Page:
The Best Albums of 2022

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2022: What a shitshow circus of a year. They just keep getting weirder. Elon Musk is in charge of Twitter? Maybe he won’t be by the time you read this. Maybe something even more absurd will happen. Who knows? It was a pretty damn good year musically, though, and there’s already some indication that 2023 might be as good. Etc. Etc. My favourite 100 albums of the year:

#100

Ty Segall “Hello, Hi”

Released July 22nd on Drag City Records

Drag City’s prolific fuzz rocker steps away from the racket he’s been making for the last ten years and presents a mellower, more mature side of his profile. I hesitate to call it growing up.

#99

Moor MotherJazz Codes

Released July 1st on ANTI-

Philly poet Camae Ayewa seems to show up everywhere these days: by herself, alongside billy woods, leading 700 Bliss or jazz heroes Irreversible Entanglements. Here she fractures the experience of jazzy backpacker hip hop into smoky sax dreams, laced through with her hard-eyed words, floating over and then running through everything.

#98

We Used To Cut The GrassWe Used To Cut The Grass #1

Released February 11th on WKRM The Cream

Most of prog band Thank You Scientist goes full on jazz on We Used To Cut The Grass, with enough pomp and circumstance for a thousand marching bands and a vibe cut straight from black and white monster movies.

#97

Sam Gendel blueblue

Released October 14th on Leaving Records

Every song on this album is named after a different stitching style in the Japanese tradition of sashiko. The music itself is stoned slacker-jazz, music for late nights in empty underground coffee caverns populated by artists and the living dead. Sketchy guitar chording overlays shaky library jazz sax that walks the line between melodic and atonal perfectly.

#96

Katie Dey Forever Music

Released January 28th on 2940416 Records

Glitchy hyperpop slowed down to a less chipmunk style vocal sound. Doesn’t that just make it glitch pop? Sure, whatever, it hits emotional weight regardless of what you call it.

#95

KokorokoCould We Be More?

Released August 5th on Brownswood Recordings

Afrobeat has been one of the new London jazz scene’s major reinjections back to jazz (or at least a further development of strains that have been going on since the Seventies, I suppose), and Kokoroko’s debut latches onto it with fervor here. Relentless rhythms and blue sky brass and wind lines.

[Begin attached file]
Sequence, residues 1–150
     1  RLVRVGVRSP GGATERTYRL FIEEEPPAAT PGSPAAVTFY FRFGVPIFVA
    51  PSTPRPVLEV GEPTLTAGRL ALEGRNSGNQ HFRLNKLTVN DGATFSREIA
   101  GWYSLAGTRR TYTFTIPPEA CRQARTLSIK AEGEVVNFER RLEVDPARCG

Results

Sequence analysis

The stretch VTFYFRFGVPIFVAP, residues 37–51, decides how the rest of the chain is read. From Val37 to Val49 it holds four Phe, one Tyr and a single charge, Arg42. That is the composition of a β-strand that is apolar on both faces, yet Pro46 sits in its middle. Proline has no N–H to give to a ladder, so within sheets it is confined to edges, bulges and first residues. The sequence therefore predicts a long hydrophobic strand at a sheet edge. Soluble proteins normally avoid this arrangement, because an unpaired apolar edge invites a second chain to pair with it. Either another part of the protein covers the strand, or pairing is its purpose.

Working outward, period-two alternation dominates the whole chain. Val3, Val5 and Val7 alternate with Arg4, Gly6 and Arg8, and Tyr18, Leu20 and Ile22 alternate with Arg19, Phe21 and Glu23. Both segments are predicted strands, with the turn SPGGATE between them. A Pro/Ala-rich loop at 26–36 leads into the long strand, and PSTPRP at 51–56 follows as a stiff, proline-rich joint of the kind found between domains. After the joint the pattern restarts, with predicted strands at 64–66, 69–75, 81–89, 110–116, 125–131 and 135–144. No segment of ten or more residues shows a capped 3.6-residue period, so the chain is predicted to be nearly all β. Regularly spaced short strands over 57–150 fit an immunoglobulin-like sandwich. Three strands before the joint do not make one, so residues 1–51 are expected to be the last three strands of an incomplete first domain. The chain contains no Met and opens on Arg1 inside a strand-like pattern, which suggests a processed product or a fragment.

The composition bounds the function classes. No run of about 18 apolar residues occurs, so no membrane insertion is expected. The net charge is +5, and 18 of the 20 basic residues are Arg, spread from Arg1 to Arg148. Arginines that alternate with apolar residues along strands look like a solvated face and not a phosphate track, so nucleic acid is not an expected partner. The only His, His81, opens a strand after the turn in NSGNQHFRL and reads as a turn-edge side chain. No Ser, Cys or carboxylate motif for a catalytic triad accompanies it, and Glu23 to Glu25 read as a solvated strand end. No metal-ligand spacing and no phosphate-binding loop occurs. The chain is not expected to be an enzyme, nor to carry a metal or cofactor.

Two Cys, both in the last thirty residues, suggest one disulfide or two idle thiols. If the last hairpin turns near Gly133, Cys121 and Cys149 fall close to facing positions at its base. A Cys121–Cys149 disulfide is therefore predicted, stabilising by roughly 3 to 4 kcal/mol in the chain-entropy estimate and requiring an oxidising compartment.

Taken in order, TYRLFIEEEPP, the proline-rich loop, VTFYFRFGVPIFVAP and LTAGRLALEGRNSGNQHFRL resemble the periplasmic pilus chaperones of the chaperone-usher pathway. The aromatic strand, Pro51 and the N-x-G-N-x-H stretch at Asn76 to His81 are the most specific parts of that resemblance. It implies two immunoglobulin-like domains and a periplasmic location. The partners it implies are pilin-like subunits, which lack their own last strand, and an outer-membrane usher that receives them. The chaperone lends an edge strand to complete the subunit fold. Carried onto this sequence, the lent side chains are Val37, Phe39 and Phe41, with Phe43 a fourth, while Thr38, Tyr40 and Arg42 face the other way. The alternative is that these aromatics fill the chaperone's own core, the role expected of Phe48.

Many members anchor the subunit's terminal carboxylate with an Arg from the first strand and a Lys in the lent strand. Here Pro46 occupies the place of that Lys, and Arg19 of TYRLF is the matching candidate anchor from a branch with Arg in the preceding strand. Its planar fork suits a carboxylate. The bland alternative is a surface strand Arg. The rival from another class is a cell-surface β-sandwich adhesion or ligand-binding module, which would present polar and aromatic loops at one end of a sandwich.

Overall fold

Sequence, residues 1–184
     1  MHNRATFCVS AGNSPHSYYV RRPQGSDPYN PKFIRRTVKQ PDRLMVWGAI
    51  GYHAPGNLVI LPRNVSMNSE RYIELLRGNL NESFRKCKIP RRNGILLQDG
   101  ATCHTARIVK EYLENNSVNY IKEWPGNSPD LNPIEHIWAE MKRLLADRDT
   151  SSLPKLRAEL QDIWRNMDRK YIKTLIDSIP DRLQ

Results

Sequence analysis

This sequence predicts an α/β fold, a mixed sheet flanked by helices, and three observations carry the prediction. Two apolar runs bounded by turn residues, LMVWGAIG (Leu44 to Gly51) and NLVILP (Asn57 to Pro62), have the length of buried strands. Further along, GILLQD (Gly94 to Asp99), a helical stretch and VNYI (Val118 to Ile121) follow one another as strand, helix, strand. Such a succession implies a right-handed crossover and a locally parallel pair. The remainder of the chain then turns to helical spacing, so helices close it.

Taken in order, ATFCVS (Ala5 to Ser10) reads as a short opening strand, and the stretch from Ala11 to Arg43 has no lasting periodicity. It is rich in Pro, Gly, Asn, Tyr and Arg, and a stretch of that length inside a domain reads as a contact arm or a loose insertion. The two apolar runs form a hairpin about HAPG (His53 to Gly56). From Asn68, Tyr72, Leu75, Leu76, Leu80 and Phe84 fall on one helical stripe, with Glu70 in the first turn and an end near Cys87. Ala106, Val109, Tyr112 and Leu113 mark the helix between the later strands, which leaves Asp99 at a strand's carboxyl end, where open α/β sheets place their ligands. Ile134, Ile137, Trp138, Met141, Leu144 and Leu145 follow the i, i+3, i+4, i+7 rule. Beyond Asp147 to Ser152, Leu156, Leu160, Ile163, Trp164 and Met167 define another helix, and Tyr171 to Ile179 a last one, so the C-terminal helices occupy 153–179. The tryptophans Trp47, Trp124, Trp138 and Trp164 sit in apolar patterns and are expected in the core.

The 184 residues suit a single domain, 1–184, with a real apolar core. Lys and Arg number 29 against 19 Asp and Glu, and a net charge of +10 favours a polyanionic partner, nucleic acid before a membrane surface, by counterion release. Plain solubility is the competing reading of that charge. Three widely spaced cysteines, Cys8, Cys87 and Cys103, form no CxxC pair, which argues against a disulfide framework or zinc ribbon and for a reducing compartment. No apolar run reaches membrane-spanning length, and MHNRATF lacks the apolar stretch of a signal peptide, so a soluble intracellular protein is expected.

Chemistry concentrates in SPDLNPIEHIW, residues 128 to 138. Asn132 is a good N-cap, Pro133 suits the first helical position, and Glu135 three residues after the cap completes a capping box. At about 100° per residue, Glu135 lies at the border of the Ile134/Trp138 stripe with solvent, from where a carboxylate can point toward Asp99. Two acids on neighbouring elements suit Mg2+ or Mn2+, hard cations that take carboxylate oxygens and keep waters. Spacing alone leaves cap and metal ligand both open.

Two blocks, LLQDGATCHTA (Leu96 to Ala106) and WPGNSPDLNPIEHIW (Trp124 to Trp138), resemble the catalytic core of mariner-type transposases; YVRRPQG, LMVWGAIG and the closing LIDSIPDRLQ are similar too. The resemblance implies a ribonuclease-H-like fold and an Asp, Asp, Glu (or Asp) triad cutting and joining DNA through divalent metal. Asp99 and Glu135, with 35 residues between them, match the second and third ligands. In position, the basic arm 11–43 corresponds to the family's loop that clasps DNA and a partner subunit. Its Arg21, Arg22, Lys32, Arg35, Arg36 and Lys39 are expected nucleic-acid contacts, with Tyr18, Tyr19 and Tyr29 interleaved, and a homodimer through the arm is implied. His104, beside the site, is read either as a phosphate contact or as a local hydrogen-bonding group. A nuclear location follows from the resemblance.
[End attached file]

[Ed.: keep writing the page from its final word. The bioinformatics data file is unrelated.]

#94

Boris – W

Released January 21st on Sacred Bones Records

The companion piece to 2020’s pummeling NO, W finds the veteran Japanese noise band doing the Sacred Bones thing: all weird, ethereal noise-scapes with unsettling vocal lines and dollops of uneasy atmosphere.

#93

Fly Anakin – Frank

Released March 11th on Lex Records

At once smooth and stoned, the Virginia rapper’s debut brings a lot of the intensity of the best of recent hip hop (Westside Gunn, Mach-Hommy, et al.) while still carving out his own space. The sound of NYC circa the mid Nineties is everywhere these days, but Fly Anakin stands apart while simultaneously having both feet in.

#92

Cola – Deep In View

Released May 20th on Next Door Records

Most of what used to be Ought comes over to Cola to play a less overly-caffeinated (ironic, given the name) and (given the last Ought record) less blown-out version of the modern-ennui-laden post punk that made their old band such a delight. 

#91

Lady Wray – Piece Of Me

Released January 28th on Big Crown Records

Former Missy Elliot protege and Black Keys backing vocalist Nicole Wray has not exactly made making albums her career – Piece Of Me is just her third full length since 1998. It’s a shame, too; Piece Of Me is sultry, sharp soul, from someone who has been busy practicing that craft below the surface for longer than a lot of listeners have been alive.

#90

Osees – A Foul Form

Released August 12th on Castle Face Records

The inevitable endgame of Jon Dwyer’s indie punk long-term vision is screeching madcap grindcore, and A Foul Form marks about the midway point toward that end goal. 

#89

yeule – Glitch Princess

Released February 4th on Bayonet Records

There are people out there on this planet right at this very instant who are in the middle of creating the most out-there blissed-out pop music you have ever heard. In the jagged aftermaths of all of the disparate microgenres that exist in the liminal space between pop and electronic, we are approaching the post-pop moment. Maybe I’ll look back in ten years and say Glitch Princess was a seminal moment in that. It’s as likely as anything else.

#88

Julia Jacklin – Pre Pleasure

Released August 26th on Polyvinyl